The town of Winthrop was really interesting, with a western vibe. Even the chain stores were in buildings with a classy wood log finish. There seemed to be a lot going on, with restaurants and shops and tourists everywhere. I zipped through town and back onto the open road, when I was met with a stiff headwind. What was a 16-18mph pace turned down to 9mph. I had 10 miles to go, but my time estimate only kept growing. At one point I looked back and saw two people in the distance. I didn’t know if I should let up and tag along with them, or just keep trying to push through, but I did the later. Eventually Bob and James (Seattle) caught up with little more than 5 miles remaining. Bob said we could do 1/3 mile pulls, and we rotated through until we had about a mile to go. This brought the pace back into the 15mph range, which was great. We cooled down on the last mile, and got in at 8:50pm, just before sunset.

Everyone already at the Mazama Inn seemed to have showered and put normal clothes on, so while I’m feeling totally dead, they all looked fresh! I got a plate of spaghetti and salad, chatted for a little while, and got a room in the Inn with Tyler. Thankfully this “short” day meant plenty of time to sleep before one last long day to head back to Monroe.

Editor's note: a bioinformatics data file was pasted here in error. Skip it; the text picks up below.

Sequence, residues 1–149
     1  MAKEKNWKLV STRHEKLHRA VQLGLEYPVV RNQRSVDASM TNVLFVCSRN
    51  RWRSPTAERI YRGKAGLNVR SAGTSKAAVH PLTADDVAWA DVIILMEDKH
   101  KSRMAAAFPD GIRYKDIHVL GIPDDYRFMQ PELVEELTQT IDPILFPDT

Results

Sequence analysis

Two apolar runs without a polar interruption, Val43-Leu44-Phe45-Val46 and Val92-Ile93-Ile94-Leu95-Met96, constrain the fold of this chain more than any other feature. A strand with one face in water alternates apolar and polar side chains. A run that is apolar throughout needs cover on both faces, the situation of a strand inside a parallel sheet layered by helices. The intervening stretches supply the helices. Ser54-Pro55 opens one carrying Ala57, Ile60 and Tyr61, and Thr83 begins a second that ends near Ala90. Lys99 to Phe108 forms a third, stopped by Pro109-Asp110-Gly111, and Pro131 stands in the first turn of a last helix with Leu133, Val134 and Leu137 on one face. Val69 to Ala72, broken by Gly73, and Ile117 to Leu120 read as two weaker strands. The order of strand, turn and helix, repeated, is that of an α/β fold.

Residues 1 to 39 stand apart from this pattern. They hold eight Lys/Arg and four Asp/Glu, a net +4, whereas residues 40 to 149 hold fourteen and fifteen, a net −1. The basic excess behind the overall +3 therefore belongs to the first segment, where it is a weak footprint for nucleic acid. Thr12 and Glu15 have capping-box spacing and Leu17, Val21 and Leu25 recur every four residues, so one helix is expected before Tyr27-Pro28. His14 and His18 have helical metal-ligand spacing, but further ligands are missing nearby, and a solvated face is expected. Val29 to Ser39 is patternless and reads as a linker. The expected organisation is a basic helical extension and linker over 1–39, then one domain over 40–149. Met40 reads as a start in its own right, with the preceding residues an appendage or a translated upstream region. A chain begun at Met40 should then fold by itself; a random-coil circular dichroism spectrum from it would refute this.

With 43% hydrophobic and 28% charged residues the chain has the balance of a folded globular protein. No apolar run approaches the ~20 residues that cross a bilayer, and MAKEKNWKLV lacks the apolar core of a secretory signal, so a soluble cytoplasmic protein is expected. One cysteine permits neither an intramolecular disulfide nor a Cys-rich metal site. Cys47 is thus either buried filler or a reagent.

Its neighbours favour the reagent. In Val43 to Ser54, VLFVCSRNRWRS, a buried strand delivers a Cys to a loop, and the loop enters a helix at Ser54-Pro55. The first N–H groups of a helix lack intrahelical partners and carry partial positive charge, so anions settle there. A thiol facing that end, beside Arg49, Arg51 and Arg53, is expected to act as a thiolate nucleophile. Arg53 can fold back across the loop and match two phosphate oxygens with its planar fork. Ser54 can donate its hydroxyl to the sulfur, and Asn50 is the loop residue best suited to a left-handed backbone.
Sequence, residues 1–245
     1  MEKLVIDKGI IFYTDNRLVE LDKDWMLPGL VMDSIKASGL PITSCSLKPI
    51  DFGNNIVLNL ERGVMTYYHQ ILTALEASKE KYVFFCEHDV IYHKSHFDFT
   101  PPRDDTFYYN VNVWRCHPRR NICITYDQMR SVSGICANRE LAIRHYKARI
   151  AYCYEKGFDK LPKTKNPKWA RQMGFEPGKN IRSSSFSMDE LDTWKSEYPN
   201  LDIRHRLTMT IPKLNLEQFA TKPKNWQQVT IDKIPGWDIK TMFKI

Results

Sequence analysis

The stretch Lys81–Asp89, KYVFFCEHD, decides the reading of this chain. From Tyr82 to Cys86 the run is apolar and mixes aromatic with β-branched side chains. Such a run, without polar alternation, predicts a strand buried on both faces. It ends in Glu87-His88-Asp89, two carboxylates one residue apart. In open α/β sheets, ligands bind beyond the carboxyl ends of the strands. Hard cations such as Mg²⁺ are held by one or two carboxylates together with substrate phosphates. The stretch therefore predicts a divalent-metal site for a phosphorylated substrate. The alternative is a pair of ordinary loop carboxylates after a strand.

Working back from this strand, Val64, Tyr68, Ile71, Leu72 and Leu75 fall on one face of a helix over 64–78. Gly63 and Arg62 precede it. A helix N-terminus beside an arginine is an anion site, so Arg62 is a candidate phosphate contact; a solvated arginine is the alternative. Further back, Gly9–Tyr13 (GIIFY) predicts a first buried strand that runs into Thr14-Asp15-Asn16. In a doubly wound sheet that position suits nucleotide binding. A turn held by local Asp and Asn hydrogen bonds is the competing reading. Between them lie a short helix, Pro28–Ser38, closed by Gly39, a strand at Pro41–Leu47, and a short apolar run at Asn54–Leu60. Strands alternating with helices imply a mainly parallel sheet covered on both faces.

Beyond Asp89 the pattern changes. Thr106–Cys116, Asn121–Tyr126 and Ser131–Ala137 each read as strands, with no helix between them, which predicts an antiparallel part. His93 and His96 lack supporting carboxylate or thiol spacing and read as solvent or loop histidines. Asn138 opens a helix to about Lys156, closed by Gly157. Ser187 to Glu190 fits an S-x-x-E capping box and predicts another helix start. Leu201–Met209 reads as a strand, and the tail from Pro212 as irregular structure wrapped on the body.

Strava data for day three: 06/23/2014 Cascade 1200 – day three – Ephrata to Mazama 144.7 miles with 9,036ft climbing

Posted in 100-150 miles, 2014Cascade1200, Olympia | Leave a comment

2014 Cascade 1240km – Day Two – Carson to Ephrata

[Mile 231] Started at 5:30am. About 6am here. Hammering away while it was flat along the Columbia River

Mile 231

It was tough to get out of bed and ready in little time. I could see everyone else packing up quick and getting rolling in the morning, but I had a big breakfast, put my things together, and got rolling at 5:30am after waking up at 4:30am.

The route starts flat (after a very brief drop from the hotel) and meanders along the Columbia River. I was trying to go reasonably fast, and caught a few others. There was a convenience store an hour in, and I pulled it before realizing that I don’t always have to stop, so kept on going a minute later.

[Mile 270] Headed up the Klickitat with Asta, Jon (MA), and Eric & Tim from CA.

Mile 270

I caught up with Asta (OR) and Jon (MA) when they stopped at a rest area before the turn on Klickitat. We rode together for a bit, but my knees were telling me not to punch it up the climbs, so I backed off and took it slow as we ascended away from the Klickitat river.